By Russ Lay on August 29, 2013
Eric Kaplan sees the day when new technology will help predict the beginning of life for one of nature’s oldest species.
Kaplan, founder of the non-profit Hatteras Island Ocean Center, is a former technology company owner who was on the cutting edge of developing Bluetooth and other modern products.
Now, he is part of a project that could narrow the time needed for beach closures to protect sea turtle nests.
Funded primarily by IBM, the project is called “Turtle Sense,” and according to National Park Service wildlife biologist Britta Muiznieks it is still “in its infancy.”
But Cape Hatteras National Seashore managers hope the new technology will someday signal when sea turtles eggs will hatch from nests buried in the sand.
“Previous studies have been unsuccessful in predicting these events with reliable accuracy,” Muiznieks said.
When a sea turtle nest is found on a National Park Service beach, a small enclosure is built around the site to keep pedestrians and vehicles away. Once a nest is established, it takes anywhere from 55 to 80 days for the turtles to hatch. Each nest contains 75 to 150 eggs.
The Park Service expands the nest closures to the surf line 50 to 55 days after the eggs are laid. The tiny turtles, once they hatch, parade to the surf from their nest near the duneline.
Given the number of days in the hatching window, portions of beach can be closed more than a month. During this period, the beach is effectively closed to vehicular traffic.
A number of factors affect when a nest will hatch. But one of the largest is thought to be the ambient temperatures in the nest itself.
According to Muiznieks, cool ambient temperatures prolong incubation periods while hot temperatures shorten the development time.
Humidity and oxygen levels can also affect the incubation period.
National Park Service and IBM together are planning on placing sensors in four nests to begin gathering data. The sensors will transmit data via cell phones and to record nest temperatures and hopefully, detect motion within the nest.
This data will be overlain with human observation to record when the nests actually hatch, or “boil,” as biologists term the event.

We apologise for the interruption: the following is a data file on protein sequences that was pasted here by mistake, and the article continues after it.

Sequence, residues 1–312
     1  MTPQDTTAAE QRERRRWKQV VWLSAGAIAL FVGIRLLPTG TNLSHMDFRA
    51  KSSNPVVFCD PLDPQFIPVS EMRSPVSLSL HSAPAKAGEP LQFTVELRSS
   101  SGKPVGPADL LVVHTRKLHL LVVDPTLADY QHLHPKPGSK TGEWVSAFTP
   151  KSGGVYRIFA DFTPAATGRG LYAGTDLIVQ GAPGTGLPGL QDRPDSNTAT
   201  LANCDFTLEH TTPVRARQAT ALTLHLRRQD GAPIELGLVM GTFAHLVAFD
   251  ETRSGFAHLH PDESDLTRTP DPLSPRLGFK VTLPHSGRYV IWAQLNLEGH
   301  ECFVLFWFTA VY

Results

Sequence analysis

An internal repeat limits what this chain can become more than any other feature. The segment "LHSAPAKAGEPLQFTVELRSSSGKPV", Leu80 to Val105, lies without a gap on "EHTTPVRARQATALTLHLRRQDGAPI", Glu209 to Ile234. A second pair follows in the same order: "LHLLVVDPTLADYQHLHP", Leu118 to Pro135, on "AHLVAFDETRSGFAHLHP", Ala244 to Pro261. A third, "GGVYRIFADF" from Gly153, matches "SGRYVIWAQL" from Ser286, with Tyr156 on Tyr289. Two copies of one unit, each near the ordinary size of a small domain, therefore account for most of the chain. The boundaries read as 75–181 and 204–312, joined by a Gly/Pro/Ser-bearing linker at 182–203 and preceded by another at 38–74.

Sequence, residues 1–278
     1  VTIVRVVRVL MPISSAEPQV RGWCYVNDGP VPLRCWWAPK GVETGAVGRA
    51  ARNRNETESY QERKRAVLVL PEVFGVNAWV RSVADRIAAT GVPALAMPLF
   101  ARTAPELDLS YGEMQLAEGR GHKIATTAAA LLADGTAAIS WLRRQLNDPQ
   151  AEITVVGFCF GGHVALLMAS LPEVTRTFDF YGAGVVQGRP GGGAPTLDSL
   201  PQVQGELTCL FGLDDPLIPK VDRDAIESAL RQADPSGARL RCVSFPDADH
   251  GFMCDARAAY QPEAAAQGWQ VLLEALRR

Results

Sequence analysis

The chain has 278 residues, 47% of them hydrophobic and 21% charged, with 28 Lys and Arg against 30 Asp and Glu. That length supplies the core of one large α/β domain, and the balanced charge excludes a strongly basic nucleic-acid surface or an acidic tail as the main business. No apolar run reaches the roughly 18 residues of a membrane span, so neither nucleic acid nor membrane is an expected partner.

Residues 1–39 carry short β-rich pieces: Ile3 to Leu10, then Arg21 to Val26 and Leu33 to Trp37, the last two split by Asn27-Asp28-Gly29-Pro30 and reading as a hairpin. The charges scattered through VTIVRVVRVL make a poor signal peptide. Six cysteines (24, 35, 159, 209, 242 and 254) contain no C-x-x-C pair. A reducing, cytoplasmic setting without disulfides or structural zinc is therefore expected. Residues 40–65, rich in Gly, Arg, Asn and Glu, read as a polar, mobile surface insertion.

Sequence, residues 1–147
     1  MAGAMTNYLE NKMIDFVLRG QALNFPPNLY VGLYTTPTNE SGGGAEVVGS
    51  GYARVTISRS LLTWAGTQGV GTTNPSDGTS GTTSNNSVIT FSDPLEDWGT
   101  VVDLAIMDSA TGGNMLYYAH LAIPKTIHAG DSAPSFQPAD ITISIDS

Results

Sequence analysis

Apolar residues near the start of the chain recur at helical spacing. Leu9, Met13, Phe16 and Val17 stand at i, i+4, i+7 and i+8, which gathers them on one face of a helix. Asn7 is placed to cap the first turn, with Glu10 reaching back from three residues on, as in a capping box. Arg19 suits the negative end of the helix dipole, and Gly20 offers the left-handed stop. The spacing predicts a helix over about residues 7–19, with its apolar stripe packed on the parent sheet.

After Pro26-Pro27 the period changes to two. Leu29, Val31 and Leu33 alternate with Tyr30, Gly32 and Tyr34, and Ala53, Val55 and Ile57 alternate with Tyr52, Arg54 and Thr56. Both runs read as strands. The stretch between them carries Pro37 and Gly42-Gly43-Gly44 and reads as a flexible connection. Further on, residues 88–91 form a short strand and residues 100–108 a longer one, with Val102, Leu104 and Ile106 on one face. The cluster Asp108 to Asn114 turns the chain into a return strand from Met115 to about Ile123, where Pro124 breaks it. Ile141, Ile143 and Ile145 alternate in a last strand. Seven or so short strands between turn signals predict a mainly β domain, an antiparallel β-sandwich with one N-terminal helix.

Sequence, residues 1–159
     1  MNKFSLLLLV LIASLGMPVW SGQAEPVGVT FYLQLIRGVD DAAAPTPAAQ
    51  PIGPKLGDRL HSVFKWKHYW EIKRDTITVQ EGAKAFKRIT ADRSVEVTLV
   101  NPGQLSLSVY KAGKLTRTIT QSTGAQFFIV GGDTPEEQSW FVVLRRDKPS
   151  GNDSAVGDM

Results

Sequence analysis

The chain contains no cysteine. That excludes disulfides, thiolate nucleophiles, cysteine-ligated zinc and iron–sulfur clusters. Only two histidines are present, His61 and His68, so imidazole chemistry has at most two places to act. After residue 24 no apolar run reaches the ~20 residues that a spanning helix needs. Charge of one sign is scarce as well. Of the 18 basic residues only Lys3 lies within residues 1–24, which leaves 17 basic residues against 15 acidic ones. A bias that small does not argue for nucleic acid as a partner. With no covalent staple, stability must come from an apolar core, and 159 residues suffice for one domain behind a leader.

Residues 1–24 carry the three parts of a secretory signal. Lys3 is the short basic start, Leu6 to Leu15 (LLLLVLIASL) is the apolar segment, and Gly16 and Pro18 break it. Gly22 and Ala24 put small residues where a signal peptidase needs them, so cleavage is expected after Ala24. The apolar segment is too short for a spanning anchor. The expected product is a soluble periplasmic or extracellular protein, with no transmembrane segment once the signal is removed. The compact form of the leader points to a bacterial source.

It is hoped that the sensors will be able to help predict, within a much narrower window, when a turtle nest is about to boil, and if successful, it could significantly reduce the amount of time the NPS will need to block off large portions of the beach.
Kaplan and Muiznieks are working with IBM’s Tom Zimmerman to improve the technology.
From previous studies, scientists know that measuring ambient nest temperature is not accurate in predicting when a nest is about to hatch.
That is why detecting motion is being added to temperature data in this season’s study.
Kaplan and Muiznieks want people to understand the process will take some time and the outcome is uncertain.
“We are hoping that by simultaneously measuring movement and temperature fluctuations and entering this into a computer model that will analyze the data from each nest every two hours, we will be able to accurately predict hatching events” Muiznieks said.
“We need to make sure that the shifting of eggs that occurs naturally within a nest can be distinguished from the shifting of eggs as the hatchlings emerge from their eggshells. “
To be even more accurate, the method could include measuring gas measurements to determine the embryos’ stage of devolopment.
“At this point we are still trying to figure out exactly what we need to be measuring to give us the most accurate results,” Muiznieks said.
Kaplan suspects it will take at least three to five years of data collection before they know if the technology is “ready for prime time.”
Still, the effort shows the Park Service is working hand-in-hand with a private sector entrepreneur and one of the largest technology companies in the world in an attempt to shorten beach closure times.
And if the program is successful, the technology could be used all over the nation and the world.